State Sen. Bryan King of Green Forest, whose district includes portions of the Buffalo, offered thoughts on those results and said he felt obligated to make certain his constituents understood what was happening with the river. "This train had been rolling down the track. I didn't want the people I represent to be railroaded," he said.

    Referring to the survey. King said only those living in the watershed should have been polled; his investigation of the survey showed that though 14 percent of the watershed is in Baxter County, 47 percent of the respondents lived there.

    As someone born 20 minutes from the Buffalo, I spent many a childhood summer's day wading, fishing, swimming and enjoying its magnificence. Little wonder it attracts scores of thousands from around the country that annually leave behind millions of dollars in these hills. And with a late uncle who in 1972 was a key political figure in designating our Buffalo as the country's first national river, I naturally have an interest in this idea to commercialize the natural beauty beyond what exists.

    True, it would bring additional millions of people to the region to enjoy what is already a crowded stream during seasonal months. Bumper-to-bumper canoes floating through groups of swimmers and fishermen isn't an attractive way to attract tourism.

    True, it would bring in more money as a tradeoff for what we have. True, it would bring additional commercial ventures with thousands more T-shirts, knick-knacks, peanut brittle and canoe rentals. And I really can't fault anyone for floating the idea of expanding and enlarging the gift God has given us to preserve and protect.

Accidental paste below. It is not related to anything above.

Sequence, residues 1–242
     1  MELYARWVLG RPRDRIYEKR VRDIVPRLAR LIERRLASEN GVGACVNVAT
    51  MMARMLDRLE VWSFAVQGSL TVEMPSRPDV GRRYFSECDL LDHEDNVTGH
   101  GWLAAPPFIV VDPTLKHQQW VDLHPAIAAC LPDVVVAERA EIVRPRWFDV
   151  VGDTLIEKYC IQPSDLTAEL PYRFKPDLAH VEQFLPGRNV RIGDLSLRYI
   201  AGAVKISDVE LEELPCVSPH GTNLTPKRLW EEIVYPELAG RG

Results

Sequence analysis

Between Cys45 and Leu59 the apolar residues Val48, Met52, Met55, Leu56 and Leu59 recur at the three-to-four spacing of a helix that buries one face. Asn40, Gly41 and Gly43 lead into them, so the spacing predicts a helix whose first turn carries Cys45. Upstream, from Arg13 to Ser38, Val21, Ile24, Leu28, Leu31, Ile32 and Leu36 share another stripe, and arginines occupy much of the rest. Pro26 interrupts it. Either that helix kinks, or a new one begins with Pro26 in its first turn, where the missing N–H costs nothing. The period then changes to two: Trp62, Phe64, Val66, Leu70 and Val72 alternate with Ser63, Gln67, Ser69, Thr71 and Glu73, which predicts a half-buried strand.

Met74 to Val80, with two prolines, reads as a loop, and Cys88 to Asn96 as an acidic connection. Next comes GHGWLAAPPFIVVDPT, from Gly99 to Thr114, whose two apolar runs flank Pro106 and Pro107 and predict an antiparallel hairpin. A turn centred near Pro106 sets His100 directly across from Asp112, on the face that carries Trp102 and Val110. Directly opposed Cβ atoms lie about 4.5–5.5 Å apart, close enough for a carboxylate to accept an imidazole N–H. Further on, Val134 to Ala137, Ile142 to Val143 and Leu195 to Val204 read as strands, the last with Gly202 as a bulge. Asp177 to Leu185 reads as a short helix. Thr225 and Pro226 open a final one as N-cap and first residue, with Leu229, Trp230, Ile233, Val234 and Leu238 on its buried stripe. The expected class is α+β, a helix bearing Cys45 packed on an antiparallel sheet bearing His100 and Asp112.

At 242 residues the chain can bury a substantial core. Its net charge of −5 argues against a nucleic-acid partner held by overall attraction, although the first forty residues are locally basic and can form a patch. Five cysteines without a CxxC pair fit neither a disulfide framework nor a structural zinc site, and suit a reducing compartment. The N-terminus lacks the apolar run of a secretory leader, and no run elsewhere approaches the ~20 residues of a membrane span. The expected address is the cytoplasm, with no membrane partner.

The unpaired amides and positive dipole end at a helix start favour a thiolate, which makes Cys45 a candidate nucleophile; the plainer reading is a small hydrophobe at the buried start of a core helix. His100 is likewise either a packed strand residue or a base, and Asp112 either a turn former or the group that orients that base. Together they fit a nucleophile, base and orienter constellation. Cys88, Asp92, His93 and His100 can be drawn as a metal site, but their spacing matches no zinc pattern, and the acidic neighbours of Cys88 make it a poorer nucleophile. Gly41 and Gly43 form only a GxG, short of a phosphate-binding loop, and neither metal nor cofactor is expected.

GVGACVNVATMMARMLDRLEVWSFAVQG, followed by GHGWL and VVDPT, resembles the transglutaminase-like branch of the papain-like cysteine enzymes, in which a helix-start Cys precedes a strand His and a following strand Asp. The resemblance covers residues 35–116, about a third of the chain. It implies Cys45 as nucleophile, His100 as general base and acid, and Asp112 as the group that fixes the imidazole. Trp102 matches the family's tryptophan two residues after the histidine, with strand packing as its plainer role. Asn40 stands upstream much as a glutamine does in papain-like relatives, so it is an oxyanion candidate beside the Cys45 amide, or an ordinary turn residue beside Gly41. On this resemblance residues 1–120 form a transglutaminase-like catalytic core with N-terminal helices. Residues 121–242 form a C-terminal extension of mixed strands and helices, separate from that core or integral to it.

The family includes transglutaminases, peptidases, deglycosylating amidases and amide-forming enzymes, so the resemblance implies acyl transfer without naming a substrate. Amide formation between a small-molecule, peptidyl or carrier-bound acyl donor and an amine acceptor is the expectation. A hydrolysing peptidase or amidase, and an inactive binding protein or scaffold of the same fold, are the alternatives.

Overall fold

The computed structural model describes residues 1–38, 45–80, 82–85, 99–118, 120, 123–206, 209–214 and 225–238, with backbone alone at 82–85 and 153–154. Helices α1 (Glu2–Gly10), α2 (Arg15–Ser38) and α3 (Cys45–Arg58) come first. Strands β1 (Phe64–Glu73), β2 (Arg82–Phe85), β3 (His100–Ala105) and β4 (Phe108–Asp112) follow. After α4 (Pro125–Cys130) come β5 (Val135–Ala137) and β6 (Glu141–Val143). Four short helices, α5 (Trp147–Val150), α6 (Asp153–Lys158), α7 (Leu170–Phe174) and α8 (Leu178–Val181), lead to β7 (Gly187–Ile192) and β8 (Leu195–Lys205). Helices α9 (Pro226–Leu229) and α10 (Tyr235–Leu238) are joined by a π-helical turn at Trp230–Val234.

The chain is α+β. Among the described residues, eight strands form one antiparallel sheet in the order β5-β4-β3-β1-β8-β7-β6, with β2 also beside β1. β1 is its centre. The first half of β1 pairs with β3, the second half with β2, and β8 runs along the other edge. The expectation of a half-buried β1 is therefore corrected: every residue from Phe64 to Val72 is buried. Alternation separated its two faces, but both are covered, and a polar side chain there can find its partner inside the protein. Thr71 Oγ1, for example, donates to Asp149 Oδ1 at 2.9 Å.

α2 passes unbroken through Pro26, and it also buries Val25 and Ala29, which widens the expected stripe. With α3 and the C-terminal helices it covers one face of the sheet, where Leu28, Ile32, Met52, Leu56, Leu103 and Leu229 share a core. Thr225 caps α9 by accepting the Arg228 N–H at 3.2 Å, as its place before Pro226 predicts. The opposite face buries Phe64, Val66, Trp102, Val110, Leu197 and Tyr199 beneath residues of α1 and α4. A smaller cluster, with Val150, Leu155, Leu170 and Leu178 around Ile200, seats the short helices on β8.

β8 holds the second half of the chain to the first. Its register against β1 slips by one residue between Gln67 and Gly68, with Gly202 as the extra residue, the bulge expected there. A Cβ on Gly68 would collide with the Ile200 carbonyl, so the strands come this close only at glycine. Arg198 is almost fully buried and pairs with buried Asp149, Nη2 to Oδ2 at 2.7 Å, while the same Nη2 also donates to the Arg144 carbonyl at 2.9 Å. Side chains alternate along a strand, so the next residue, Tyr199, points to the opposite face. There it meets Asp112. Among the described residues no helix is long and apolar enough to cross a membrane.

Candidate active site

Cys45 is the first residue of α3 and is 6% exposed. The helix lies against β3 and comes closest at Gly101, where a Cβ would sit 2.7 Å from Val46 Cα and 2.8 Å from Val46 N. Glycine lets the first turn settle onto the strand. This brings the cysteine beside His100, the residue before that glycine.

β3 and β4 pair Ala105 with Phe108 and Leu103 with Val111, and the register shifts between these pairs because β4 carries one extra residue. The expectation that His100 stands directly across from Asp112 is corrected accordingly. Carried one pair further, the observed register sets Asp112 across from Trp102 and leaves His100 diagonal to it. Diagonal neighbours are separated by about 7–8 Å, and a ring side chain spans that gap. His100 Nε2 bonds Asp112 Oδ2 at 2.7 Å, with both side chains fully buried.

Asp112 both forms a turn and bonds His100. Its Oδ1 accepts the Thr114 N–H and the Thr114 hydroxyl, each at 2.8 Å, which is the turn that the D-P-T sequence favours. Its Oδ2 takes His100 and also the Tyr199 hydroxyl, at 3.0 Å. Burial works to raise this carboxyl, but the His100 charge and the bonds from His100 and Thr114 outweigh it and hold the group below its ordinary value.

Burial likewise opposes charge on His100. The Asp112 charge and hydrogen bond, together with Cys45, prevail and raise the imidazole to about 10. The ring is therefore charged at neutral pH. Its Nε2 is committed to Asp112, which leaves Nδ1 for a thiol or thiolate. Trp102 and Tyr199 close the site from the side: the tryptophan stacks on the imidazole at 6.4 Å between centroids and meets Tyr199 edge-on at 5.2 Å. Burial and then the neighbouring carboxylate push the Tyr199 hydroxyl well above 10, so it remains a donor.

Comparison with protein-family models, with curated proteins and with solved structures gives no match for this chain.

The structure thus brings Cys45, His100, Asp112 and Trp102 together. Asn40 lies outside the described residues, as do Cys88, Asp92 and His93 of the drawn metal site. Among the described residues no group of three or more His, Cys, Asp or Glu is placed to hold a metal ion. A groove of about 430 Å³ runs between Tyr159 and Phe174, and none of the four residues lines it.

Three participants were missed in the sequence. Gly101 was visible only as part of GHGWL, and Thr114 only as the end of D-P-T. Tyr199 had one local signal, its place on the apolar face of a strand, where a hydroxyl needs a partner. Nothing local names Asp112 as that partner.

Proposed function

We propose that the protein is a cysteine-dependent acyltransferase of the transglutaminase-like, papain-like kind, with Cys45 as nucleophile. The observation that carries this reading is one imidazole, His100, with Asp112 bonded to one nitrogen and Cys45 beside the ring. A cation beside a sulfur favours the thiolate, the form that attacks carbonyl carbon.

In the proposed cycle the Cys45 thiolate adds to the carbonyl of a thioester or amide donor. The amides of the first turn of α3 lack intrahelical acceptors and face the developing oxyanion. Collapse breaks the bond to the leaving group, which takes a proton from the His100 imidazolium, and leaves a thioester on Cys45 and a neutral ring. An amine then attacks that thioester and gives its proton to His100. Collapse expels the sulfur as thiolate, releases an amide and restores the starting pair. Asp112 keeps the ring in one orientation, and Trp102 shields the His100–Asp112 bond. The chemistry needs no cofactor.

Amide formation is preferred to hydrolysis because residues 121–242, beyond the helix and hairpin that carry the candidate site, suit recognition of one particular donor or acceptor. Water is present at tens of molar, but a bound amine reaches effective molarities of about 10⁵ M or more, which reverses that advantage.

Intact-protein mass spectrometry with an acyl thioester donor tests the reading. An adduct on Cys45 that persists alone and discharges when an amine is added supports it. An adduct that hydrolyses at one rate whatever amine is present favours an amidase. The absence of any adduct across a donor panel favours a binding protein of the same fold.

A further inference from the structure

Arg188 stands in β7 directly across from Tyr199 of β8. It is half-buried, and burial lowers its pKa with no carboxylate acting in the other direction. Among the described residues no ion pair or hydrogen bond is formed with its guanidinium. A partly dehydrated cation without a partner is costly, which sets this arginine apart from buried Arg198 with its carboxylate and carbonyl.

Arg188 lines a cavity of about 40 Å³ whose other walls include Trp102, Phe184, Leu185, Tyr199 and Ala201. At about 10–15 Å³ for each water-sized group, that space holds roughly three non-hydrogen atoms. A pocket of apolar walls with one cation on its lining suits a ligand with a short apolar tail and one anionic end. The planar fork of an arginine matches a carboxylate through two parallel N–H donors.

But I've never considered the Buffalo a commercial draw to lucrative traffic from many more visitors to further overcrowd the sanctuary. That strikes me as neither necessary nor wise.

    While I do appreciate the way this idea has been approached--asking the people for their thoughts before simply barging ahead behind the scenes then announcing a plan as a done deal--I believe the "best path forward" is leaving well enough alone in our Buffalo's busy, pristine and well-protected waters.

    Now go out into the world and treat everyone you meet exactly like you want them to treat you.

    Mike Masterson is a longtime Arkansas journalist, was editor of three Arkansas dailies and headed the master's journalism program at Ohio State University. Email him at

  • 01 Nov 2023 2:04 PM | Anonymous member (Administrator)

    Newton County Times

    Runway no show; people say, no way

    Posted Wednesday, November 1, 2023 8:00 am

    Staff Report

    JASPER — A town hall meeting to hear from proponents of further conserving the Buffalo National River area was held as scheduled Thursday night, Oct. 26, at the Jasper School cafeteria in Jasper. But the main invitees did not attend. However, more than an estimated 1,000 people did show up with several publicly voicing opposition to a group's proposal to have the national river re-designated either a national park or preserve.
    Misty Langdon, creator of the Remnants Project, a nonprofit heritage preservation group in Newton County, called for the meeting with the Runway Group LLC, which was leading conversations and had conducted a poll among some residents about their feelings and beliefs about economic growth of the Buffalo National River region.